Well yeah because you are the one who brought up that it needs to be 100% factual. When someone posts stuff it's their opinion and opinion only. If you disagree you can provide counter arguments, not "witty" one liners that are meant to be nothing but disrespectful. So please stop that rubbish.


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PostPosted: Fri Oct 11, 2019 7:20 pm 
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kleefton wrote:
Covalent wrote:
kleefton wrote:
pokerman wrote:
Personally I think Ricciardo ran away from Verstappen and this beating Max 2 out of 3 seasons is a bit bogus, the first season Max joined mid season, the second season Max was clearly quicker but lost a lot of points with mechanical problems, I know Ricciardo did too in the second half of the season but nominally Max would run in front of Ricciardo when he retired, Ricciardo would run behind Max when he retired.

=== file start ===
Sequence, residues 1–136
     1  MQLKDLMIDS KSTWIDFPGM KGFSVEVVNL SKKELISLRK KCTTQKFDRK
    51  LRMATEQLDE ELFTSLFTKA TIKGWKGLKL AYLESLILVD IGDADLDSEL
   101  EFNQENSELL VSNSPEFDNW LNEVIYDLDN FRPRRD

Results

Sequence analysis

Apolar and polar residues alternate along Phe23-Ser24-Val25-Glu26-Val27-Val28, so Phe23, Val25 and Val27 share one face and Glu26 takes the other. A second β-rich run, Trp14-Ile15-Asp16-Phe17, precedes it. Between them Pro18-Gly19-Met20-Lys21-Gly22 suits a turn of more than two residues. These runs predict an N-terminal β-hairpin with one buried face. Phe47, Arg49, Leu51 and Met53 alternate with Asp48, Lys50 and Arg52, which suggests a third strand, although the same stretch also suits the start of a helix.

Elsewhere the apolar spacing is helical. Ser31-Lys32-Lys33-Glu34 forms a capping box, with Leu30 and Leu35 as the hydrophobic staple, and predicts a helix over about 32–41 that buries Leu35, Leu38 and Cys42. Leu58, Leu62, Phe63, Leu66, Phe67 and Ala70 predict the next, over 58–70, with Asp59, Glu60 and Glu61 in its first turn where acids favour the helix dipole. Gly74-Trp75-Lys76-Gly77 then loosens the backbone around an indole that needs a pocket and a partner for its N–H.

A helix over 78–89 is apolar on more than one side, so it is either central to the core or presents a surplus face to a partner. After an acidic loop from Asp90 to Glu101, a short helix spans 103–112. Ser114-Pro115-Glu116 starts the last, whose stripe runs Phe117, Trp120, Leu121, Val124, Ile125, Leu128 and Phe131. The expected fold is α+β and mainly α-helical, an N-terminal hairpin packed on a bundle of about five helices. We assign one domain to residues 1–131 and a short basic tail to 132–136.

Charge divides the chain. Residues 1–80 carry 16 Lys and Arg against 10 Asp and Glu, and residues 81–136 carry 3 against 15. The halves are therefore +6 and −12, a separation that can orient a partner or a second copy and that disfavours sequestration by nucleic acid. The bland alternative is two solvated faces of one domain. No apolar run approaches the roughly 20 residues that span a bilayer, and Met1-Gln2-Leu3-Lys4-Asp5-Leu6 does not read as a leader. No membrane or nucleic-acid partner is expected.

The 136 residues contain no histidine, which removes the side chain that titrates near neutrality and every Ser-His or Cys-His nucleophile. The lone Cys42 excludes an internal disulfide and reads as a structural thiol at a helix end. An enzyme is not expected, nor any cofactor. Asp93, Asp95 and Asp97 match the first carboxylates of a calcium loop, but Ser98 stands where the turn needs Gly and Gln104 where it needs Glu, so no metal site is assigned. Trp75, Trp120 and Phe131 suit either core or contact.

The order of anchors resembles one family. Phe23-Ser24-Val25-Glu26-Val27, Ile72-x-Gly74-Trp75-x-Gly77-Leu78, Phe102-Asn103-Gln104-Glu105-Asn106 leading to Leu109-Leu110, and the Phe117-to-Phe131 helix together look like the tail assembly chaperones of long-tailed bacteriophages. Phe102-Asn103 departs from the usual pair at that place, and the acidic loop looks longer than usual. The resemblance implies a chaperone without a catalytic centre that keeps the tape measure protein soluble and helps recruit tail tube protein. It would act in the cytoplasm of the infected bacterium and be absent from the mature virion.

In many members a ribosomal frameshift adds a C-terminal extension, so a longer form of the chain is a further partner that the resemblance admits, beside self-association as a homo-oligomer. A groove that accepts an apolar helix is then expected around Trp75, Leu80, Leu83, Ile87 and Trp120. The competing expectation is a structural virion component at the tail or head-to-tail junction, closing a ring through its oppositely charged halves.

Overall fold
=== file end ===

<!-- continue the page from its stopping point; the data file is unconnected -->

The third season after Max stopped crashing early in the season started to become a walkover for Max, I know again that Ricciardo again had a lot of mechanical issues later in the season but these mechanical issues for both drivers in 2017 and 2018 I think are a nice camouflage for Ricciardo.


But now that we have seen Albon and Gasly perform next to Max and he is making them look like formula 3 drivers can't we understand Ricciardo's decision to leave a little better?

The Redbull car is built around Max, that much is clear. If Ricciardo realized that and decided to pack his bags we cannot fault him for that. I am really starting to believe that not even Hamilton could beat Max in the Redbull, but if Max came to Mercedes he wouldn't be able to touch Lewis.

How exactly is that clear?


It is clear. At least to me. I have explained it in the first sentence of my post yet you seem to think it is somehow outlandish. Redbull has also stated it in the past. So again, legitimate F1 drivers like Albon and Gasly have trouble driving the Redbull, Ricciardo is an elite driver and he was not that close to Max. So to me at least, it is obvious that that car is built around Max. Not that hard to understand my view point to be honest.


We don't have a lot of data on Albon yet but the speed difference to Gasly isn't far off what you'd expect based on the Verstappen - Ricciardo - Kvyat comparison.